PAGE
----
The Evil Dead films have a different flavor compared to similarly venerable horror franchises like Halloween or Friday the 13th. What the Evil Dead does differently, and does so well, is blend outlandish slapstick action-comedy with some truly ghoulish monsters and horror violence. It's no surprise that its popularity has endured since its 1981 debut, but it still seems like its potential is largely untapped within the gaming world.
Due May 13, Evil Dead: The Game wants to change that. I recently got to play about an hour of the game with staff at developer Saber Interactive, which also made the World War Z game. Not only is it faithful to the goofy horror of the original films, I was also surprised by how much fun I had getting scared.
Firstly, Evil Dead: The Game is a massive tribute to the beloved horror series. Serving as something of a greatest hits for the original trilogy and the three-season TV series -- all starring cult film actor Bruce Campbell -- the game channels the Deadite slaying and horror comedy into the structure of a multiplayer game. (Deadites are a species of parasitic demons and primary antagonists of the Evil Dead franchise.)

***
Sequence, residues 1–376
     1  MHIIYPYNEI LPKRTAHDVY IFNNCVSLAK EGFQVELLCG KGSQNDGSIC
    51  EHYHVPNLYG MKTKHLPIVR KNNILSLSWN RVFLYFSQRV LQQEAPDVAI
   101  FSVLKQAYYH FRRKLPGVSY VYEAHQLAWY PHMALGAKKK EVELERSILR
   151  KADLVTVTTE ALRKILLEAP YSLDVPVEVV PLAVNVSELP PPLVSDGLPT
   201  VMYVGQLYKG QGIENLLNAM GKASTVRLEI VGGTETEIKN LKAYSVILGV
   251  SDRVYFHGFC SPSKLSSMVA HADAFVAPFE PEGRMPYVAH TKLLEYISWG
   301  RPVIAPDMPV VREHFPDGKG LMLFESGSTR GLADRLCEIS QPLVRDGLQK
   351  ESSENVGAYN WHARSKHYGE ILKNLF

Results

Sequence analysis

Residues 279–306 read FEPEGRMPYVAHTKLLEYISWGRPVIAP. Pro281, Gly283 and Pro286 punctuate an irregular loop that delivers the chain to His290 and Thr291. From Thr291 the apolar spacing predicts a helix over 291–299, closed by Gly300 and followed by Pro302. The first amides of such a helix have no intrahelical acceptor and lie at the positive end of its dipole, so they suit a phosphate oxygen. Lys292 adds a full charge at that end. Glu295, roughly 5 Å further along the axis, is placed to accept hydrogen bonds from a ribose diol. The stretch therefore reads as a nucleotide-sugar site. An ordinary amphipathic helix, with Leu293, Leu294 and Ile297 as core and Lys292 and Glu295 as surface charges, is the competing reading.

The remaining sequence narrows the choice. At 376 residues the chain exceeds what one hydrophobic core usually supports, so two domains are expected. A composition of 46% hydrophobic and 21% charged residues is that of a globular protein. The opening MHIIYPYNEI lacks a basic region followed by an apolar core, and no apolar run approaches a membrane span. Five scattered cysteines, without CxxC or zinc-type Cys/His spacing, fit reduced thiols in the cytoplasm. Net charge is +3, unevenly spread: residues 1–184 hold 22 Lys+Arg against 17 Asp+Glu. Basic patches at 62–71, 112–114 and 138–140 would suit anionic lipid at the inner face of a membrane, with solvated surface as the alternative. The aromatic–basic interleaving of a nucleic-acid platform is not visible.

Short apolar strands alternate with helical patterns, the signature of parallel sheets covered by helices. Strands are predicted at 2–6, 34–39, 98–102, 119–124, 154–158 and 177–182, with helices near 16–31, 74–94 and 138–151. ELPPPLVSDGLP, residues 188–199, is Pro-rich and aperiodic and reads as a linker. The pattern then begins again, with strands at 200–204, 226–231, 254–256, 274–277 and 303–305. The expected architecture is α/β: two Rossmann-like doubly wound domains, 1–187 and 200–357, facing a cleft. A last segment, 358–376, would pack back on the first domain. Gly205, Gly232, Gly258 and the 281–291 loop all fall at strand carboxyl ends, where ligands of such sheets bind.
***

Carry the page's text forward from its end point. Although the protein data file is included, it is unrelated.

Four players fight to stay alive as the survivors; another player uses a variety of demonic magic to stop them. Structurally it's quite similar to the popular Dead By Daylight -- a great fit for Evil Dead.
Paying homage to the main location of the first two films, series protagonist Ash Williams and other survivors face off against the forces of darkness in a massive forest filled with supernatural horrors. You'll be able to squad up in a team of four as the survivors, each of which play as different classes -- leader, support, warrior and ranged. The playable characters are made up of mostly familiar faces from the original films and the TV series, which includes fan favorites Pablo and Kelly.
But of course, Ash Williams -- portrayed by the returning Bruce Campbell -- makes his comeback. This character is such an icon, and I couldn't resist playing as him, even though the other playable characters are interesting too. In a clever twist, there's not just one version of Ash, but four different incarnations based on his many appearances throughout the series. So if you prefer Ash from Army of Darkness, then you play as that one, with different skills to his counterparts.